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Revelation 16: A world shaken and pummeled to the ground

Unsplash/Joseph Chan
Unsplash/Joseph Chan

Within the sacred pages of Revelation chapter 16, the reader encounters a compelling portrayal of God’s incomparable power, the gravity of human defiance, the somber consequences of rebellion, and God’s unswerving commitment to truth and holiness.

As seven angels pour out seven bowls, the narrative unfolds with powerful and evocative imagery of the affliction of grievous sores, oceans and rivers lethally polluted, scorching heat from the sun, darkness that falls which is so dense it can be felt, and the Great River Euphrates dries to make a way for demonically inspired armies to gather at Armageddon for the greatest war in human history.

This chapter is a poignant call to repentance, a stark reminder of the consequences of unrepentant sin, and a testament to the imminence of God’s ultimate triumph over the forces of evil.

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Starting with verse 17, a seventh angel pours out the seventh and last bowl of wrath. This is what the Scriptures say happens:

“Then the seventh angel poured out his bowl into the air. And a mighty shout came from the throne in the Temple, saying, “It is finished!” Then the thunder crashed and rolled, and lightning flashed. And a great earthquake struck — the worst since people were placed on the earth. The great city of Babylon split into three sections, and the cities of many nations fell into heaps of rubble. So, God remembered all of Babylon’s sins, and he made her drink the cup that was filled with the wine of his fierce wrath. And every island disappeared, and all the mountains were leveled. There was a terrible hailstorm, and hailstones weighing as much as 75 pounds fell from the sky onto the people below. They cursed God because of the terrible plague of the hailstorm” (Revelation 16:17-21).

The seventh angel pours out the contents of its bowl into the air. In the apostle Paul’s letter to the church at Ephesus, he says that before their conversion to Christ, they were dead in their sins. They followed this world’s value system and the ruler of the kingdom of the air (Ephesians 2:2), which is a reference to Satan and his domain. In the same letter, the apostle admonishes them, “Our fight is not with people. It is against the leaders and the powers and the spirits of darkness in this world. It is against the demon world that works in the heavens” (Ephesians 6:12). Therefore, it may be deduced from this that the seventh angel is in some way emptying his bowl on the air, on the atmosphere, on the heavens, on the very headquarters from whence the Evil One and his devils work.

There are many today who scoff and laugh at the idea of a personal devil and demons. But the Bible is full of passages that confirm their reality.

For example, in the Gospels, Jesus engages in direct confrontations with Satan during his temptation in the wilderness (Matthew 4:1-11, Luke 4:1-13). Jesus’ casting out of demons is a recurring theme in the New Testament (The Healing of the Gadarene Demoniacs — Matthew 8:28-34A Mute Man with a Demon — Matthew 9:32-34;The Syrophoenician Woman’s Faith — Matthew 15:21-28;The Healing of a Boy with a Demon —Matthew 17:14-21;Jesus’ Authority Demonstrated in the Synagogue — Mark 1:21-28;The Healing of the Demon-Possessed Man of the Gerasenes — Mark 5:1-20).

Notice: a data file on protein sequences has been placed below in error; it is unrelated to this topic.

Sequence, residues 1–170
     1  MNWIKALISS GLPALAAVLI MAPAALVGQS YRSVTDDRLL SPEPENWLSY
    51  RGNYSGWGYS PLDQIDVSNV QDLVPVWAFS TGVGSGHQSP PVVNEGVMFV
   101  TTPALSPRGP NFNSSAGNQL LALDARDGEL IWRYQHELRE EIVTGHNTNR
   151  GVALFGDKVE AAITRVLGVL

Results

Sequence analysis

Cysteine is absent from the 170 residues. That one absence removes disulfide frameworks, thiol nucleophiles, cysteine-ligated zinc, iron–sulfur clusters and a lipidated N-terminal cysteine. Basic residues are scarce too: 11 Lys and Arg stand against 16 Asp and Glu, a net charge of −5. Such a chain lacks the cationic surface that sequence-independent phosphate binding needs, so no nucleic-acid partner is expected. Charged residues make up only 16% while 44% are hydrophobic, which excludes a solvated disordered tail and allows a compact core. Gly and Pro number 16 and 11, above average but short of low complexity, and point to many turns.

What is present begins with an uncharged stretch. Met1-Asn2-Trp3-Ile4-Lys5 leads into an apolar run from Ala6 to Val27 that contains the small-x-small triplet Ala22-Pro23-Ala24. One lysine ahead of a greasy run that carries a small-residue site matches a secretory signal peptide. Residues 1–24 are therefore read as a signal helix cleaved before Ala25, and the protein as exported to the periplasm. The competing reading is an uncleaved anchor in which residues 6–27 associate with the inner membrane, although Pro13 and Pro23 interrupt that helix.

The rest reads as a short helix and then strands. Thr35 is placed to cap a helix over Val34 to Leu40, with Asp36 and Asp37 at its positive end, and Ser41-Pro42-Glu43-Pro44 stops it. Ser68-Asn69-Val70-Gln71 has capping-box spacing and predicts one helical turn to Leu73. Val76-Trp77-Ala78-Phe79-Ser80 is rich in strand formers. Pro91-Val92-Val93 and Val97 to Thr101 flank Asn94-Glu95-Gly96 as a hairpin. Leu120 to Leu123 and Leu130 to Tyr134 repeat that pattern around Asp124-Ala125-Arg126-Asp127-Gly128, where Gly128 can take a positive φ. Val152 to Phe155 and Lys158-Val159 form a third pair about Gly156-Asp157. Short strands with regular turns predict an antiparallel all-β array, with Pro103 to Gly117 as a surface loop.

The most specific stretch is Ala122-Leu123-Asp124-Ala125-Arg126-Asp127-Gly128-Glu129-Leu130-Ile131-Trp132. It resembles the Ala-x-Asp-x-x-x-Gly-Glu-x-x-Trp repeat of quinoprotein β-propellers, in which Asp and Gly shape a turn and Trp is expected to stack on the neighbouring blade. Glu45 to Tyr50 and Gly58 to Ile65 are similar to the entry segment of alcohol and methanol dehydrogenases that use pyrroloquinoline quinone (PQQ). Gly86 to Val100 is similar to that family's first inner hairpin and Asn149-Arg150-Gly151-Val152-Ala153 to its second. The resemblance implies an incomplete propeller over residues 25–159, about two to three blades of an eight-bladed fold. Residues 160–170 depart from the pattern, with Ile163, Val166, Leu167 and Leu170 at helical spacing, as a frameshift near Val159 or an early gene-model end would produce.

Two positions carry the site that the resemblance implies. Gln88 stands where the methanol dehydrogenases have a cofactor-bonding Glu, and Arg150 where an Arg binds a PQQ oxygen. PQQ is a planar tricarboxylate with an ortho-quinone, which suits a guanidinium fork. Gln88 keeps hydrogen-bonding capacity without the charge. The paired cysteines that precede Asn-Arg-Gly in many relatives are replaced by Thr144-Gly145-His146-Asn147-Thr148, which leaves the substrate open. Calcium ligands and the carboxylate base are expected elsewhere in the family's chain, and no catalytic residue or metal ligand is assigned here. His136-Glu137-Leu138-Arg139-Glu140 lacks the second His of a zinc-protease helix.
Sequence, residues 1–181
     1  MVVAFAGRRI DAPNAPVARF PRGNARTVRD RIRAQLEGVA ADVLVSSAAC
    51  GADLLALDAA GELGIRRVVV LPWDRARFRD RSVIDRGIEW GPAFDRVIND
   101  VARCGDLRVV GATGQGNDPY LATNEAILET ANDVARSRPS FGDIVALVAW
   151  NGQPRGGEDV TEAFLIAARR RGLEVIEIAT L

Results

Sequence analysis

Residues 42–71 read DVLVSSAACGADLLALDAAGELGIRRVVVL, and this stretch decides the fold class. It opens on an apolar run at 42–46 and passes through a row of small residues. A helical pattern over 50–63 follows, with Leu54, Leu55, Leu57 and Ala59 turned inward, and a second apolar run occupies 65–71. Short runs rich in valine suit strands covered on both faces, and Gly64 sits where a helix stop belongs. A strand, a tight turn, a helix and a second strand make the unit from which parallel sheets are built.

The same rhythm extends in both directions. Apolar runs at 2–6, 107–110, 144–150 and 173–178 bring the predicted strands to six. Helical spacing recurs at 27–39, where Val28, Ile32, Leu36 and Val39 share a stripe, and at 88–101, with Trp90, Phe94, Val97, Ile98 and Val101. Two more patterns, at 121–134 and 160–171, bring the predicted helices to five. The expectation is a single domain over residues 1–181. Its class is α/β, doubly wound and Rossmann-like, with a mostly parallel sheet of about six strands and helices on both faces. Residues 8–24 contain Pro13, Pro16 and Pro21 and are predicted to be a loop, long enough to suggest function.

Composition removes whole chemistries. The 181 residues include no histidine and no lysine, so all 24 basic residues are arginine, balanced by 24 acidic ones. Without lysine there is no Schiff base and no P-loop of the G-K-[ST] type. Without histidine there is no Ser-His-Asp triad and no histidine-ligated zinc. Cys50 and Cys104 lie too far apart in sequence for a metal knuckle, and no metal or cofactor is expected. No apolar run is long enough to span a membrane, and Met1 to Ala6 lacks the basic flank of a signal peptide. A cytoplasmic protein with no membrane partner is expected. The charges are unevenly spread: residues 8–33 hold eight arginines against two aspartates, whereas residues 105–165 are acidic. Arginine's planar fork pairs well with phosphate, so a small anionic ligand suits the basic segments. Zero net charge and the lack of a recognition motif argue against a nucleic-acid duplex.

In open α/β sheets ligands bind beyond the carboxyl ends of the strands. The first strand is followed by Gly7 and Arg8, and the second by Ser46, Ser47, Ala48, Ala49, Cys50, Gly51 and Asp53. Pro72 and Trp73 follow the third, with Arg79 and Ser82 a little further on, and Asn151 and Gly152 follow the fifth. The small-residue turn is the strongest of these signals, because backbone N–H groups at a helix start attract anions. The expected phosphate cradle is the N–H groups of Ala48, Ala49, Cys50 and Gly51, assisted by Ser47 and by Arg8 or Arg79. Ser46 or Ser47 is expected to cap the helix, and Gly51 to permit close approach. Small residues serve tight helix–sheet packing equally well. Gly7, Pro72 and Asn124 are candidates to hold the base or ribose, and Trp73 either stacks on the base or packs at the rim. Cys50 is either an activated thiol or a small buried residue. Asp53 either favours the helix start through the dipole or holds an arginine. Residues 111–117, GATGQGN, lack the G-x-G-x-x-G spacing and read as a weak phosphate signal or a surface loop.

If the Bible is true in what it says about Jesus, then it is true about the devil and demons, too. Moreover, if it is true as the apostle Paul says in Romans 1:19-20, that God’s existence is inferred from the observation of the natural world, in a similar manner the devil’s existence is inferred by examining the world and the wicked influences attributed to him.

It is much the same way a lawyer would use circumstantial evidence to prove a case in court. The presence of evil and negative influences, as well as the idea that the devil can influence human behavior, are presented as strong evidence for the reality of the devil and demons.

Once the bowl is voided a mighty shout comes from the throne in the Temple, declaring, “It is finished.”

Remember Jesus declared, “It is finished” on the cross (John 19:30). What Jesus had done by his blood-atonement on Calvary’s tree purchased redemption in full. It was a finished work, but it had ongoing benefits for everyone who believes.

However, when the last bowl is dispensed and the Lord speaks these words from the Temple, it means the work of judgment on this God-hating, unbelieving, pervasively dark world of doubt and indifference, where the cacophony of skepticism constantly drowns out the Spirit’s whispers of hope, is completed and done. And, in this case, there are no benefits, none whatsoever for those who reject the Savior.

In an instant, deafening thunder is said to have reverberated through the air, accompanied by brilliant, flashing lightning. This has happened before.

In Exodus 19:16-19, when God descended upon Mount Sinai to deliver the Ten Commandments to Moses, there was thunder, lightning, and a dense cloud came down on the mountain. The people trembled at the display of God’s power. In 1 Kings 18:38, during Elijah’s showdown with the prophets of Baal on Mount Carmel, God sent fire (lightning) from Heaven to consume Elijah’s offering, accompanied by thunder and rain, demonstrating his supremacy. In Revelation 4:5 and Revelation 8:5, thunder and lightning occurred as a part of John’s heavenly visions, emphasizing the awe-inspiring nature of God’s divine revelation.